As we’re quickly approaching an important holiday in the U.K., we wanted to have a look at how our placement countries celebrate this holiday, too. Guessed which holiday it is yet? Mother’s Day! Celebrated in the U.K. on the fourth Sunday of Lent, we’ll be giving gifts to our mother’s on the 27th of March this year. But what about in Thailand, China, Poland and Vietnam? Is it celebrated there? Let’s find out…
In Poland, Mother’s Day, better known as Dzień Matki, always falls on the 26th of May. This year, that’s a Thursday; however, this date doesn’t move. Dating back to the early 1900s, the celebration grew in popularity over the years, in particular following WWII. But how is it celebrated? Actually, very similarly to how we celebrate it in the U.K. If Dzień Matki falls on a weekday, children will often spend some time at school creating cards (laurki) for their mothers, and the mother gets a peaceful day! Sometimes, the other parent will help their child buy flowers and sweets, and help serve the mother at dinnertime.
Moving away from Spring, Mother’s Day in Thailand takes place in Summer, on the 12th of August. This date has been chosen as it is Her Majesty Queen Sirkit’s birthday, which is already a national holiday in Thailand. The day is quite the celebration, with a special ceremony in the morning to offer food to Buddhist monks, and then schools will often host their own ceremony to celebrate the mothers of the school, too. It can be a very emotional experience for mothers and children, with the young ones kneeling at their mother’s feet and offering thanks and respect for all of their work throughout the year. There is often an immense feeling of pride from both the child and the parent.
On top of all this, children will offer gifts such as cards and flowers and treat their mother to a special meal. Many restaurants have special promotions for the holiday, making it quite popular to have a meal out to mark the day. Another traditional gift for Mother’s Day is jasmine, known as dok mali, as the flower symbolises motherhood and gentleness.
Now, there is a little conflict over the official date of Mother’s Day in China. Since the 1980s, the day has been celebrated on the second Sunday of May; however, Li Hanqiu suggested a change in 2007, so the seemingly more official date is the second day of the fourth lunar month. This means the day is shared with the birthday of Mencius, who was an ancient Chinese philosopher with a mother who is regarded as the summit of motherly devotion. The important role of family in China is even more important on this special day. Initially, the common gift from children to their mother’s were red carnations; however, with the date change, the more common flowers gifted are now lilies. These flowers represent a time when flowers were planted by mothers grieving over children that have left home.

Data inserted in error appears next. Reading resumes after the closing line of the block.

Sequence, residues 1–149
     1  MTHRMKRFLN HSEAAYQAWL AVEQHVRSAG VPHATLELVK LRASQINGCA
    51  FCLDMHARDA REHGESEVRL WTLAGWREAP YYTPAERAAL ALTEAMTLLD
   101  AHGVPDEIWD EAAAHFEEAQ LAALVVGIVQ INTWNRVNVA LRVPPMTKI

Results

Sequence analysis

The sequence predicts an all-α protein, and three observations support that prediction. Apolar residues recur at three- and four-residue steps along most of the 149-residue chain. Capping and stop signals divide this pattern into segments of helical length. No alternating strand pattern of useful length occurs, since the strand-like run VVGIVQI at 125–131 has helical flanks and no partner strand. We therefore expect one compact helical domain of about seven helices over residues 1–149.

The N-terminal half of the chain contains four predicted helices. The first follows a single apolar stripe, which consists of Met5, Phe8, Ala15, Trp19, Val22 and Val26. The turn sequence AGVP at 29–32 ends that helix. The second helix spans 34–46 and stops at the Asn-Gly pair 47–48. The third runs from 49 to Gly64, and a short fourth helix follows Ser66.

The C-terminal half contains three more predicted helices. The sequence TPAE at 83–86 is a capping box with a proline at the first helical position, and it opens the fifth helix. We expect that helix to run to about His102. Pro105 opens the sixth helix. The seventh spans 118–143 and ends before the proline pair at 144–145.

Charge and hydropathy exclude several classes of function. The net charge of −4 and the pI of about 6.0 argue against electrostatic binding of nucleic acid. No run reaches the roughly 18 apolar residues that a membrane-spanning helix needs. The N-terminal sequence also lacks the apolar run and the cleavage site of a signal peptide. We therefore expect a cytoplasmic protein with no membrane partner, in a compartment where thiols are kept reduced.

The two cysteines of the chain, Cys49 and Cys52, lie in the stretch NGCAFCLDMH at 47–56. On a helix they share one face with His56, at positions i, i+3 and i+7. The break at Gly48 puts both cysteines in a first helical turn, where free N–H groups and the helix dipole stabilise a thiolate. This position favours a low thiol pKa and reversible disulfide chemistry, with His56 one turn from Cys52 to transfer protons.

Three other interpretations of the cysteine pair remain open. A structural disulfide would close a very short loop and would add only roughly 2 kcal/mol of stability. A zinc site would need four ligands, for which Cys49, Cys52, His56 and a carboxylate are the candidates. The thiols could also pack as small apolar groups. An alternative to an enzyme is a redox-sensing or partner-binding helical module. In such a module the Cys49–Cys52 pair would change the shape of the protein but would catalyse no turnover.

Nowadays, although the official Mother’s Day is the second day of the fourth month in the lunar calendar, most families still celebrate the day on the second Sunday of May. This day is often marked with family activities and performances throughout the country.
On the seventh full moon of the lunar calendar, Vietnamese will celebrate their parents, with special focus on celebrating their mothers. The day is know as Mua Vu Lan, and not only is it devoted to their parents, but also to try and help their deceased ancestors find their way back to the living world. With quite an upsetting history, the festival began when one of Buddha’s disciples saw his mother suffering in hell whilst he was meditating. He tried to feed his mother using his spiritual powers; however, the food turned to ash before she was able to eat it. Seeking help, he asked for Buddha’s guidance, and together with monks and devotees he prayed to bring him and his mother together on this day. Not only was his mother’s soul able to return, but many other souls returned home for this day, too.
The day is celebrated by offering foods and clothing to the spirits, as well as burning incense at the entrance of the house to invite spirits in to feast. An exciting aspect for children of the holiday is the ‘offering snatching’. This refers to the children of the neighbourhood grabbing the food from the offerings once the incense has burnt down. The adults do not stop the children, as it is believed this may anger the spirits.
A day to celebrate – wherever you are!
Whether you celebrate this holiday in May, August, or the seventh full moon of the lunar calendar, many choose to celebrate the holiday with family and loved ones. Whilst the concept of the holiday varies from country to country, with Vietnam in particular celebrating the deceased as well as their parents, each country recognises this as an opportunity to thank their mother for all of her hard work and dedication – a very wholesome holiday!
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